Nerf Guns and Shaving Cream: Teaching Reading and Spelling to Kids Who Can’t Sit Still

Denise's presentation Nerf Guns and Shaving Cream: Teaching Reading and Spelling to Kids Who Can’t Sit Still at the 2015 Texas Homeschool Convention in Fort Worth.

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November 2014 Newsletter: Introducing Scratch and Dent!

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Supporting Children with Auditory Processing Weaknesses

We recently received the following question from a parent using Logic of English Foundations with her five-, six-, and seven-year-olds.

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LOE Party!

Spread the word about LOE. Earn cash back.
Host a Logic of English party!

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October 2014 Newsletter

LOE Parties, school year tools, the LOE Blog, Foundations D coming soon, school pilots!

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Calming Our Anxious Hearts

Listen to Denise give a talk on "Calming our Anxious Hearts."

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Does starting with cursive lead to confusion in reading?

A recent email from a parent voiced a question we hear frequently from customers wondering about starting with cursive.

'I really want to teach my almost 5-year-old cursive first, but I’m worried about confusing him when I’ll be teaching him to read using print-face. I purchased your Foundations curriculum to teach him cursive and am looking for readers written in cursive but haven’t found any as of yet. Has anyone else brought up this concern and do you happen to know of a solution so I can reinforce cursive while teaching reading?'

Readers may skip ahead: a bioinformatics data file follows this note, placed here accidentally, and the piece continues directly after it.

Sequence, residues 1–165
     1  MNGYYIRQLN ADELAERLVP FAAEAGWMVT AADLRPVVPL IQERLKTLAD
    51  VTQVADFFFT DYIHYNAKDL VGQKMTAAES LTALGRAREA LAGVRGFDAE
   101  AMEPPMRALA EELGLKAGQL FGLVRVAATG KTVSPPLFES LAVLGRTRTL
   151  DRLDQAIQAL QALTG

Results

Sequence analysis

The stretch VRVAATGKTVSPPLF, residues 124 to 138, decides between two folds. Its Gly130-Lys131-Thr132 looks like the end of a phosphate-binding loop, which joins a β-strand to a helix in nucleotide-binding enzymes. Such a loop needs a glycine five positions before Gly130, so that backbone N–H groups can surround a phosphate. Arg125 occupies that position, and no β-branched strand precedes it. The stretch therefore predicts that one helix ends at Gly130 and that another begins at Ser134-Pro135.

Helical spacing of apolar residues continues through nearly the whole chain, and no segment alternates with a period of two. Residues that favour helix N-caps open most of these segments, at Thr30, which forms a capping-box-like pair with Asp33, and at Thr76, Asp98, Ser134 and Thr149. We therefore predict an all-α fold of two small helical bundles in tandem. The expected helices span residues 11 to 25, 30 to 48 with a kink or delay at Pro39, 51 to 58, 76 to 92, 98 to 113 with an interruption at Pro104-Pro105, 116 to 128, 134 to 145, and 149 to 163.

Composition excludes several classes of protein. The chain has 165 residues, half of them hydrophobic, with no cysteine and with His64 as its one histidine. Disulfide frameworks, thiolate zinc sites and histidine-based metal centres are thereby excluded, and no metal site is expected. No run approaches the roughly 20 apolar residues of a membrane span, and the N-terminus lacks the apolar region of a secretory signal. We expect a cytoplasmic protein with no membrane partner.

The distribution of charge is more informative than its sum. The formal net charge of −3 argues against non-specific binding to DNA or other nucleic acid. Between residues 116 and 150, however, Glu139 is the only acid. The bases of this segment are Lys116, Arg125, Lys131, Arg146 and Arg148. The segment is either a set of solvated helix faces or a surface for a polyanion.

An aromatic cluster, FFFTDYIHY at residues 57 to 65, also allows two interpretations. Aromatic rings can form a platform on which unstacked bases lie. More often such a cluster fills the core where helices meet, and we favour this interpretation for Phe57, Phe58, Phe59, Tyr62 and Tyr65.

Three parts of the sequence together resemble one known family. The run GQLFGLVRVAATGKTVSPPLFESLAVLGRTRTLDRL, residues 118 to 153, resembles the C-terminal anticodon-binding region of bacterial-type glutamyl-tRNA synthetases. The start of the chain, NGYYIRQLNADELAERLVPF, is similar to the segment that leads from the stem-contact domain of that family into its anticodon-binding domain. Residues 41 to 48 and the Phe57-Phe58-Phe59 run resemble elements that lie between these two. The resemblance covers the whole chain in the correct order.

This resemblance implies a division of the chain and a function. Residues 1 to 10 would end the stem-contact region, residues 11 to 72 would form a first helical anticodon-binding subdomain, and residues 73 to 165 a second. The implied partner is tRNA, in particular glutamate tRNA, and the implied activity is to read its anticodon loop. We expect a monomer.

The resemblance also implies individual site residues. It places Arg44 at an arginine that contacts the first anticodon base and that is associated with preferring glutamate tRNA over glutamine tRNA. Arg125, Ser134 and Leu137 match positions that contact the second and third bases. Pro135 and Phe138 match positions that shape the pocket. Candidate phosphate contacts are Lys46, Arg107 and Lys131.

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The Clever Monks and the Lazy O: Why O sometimes says /ŭ/.

We at Logic of English® have been teaching about vowels saying schwa in unaccented syllables and unaccented words for some time, as have other Orton-Gillingham programs. This concept, which we explain to students as a lazy vowel sound, explains thousands of words like a, the, amazing, precise, companion, easily, bicycle, fountain, and speedometer.

However, there were a number of common English words that used a schwa-like sound in a way that remained mysterious. They were not explained by the concept of schwa. In these words, the phonogram O says the sound /ŭ/ in an accented syllable. The normal sounds of O are /ŏ ō ö/, and yet we have words like won, money, love, other, wonderful, mother, brother... Why, we wondered, was this so?

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What is a Schwa?
 Helping Students Read and Spell the Schwa Sound

Schwa may be the most misunderstood sound in English. Most people have heard of schwa, but it is rare that a teacher or a student knows that:

  • Every vowel may say the schwa sound
  • Schwa is the most common sound in every dialect of English
  • Schwa may sound like /ŭ/ or /ǐ/ in English words
  • Schwa occurs in unaccented syllables and unaccented words

Linguistically, schwa is an unaccented vowel sound.

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Introducing Spelling Rule 31!

We're introducing a new spelling rule to teach students about schwa! This blog post builds on a three-part series we posted in August on understanding vowels, consonants, and syllables. If you didn't see them, they are a great starting point, as they clarify several foundational concepts related to our new spelling rule.

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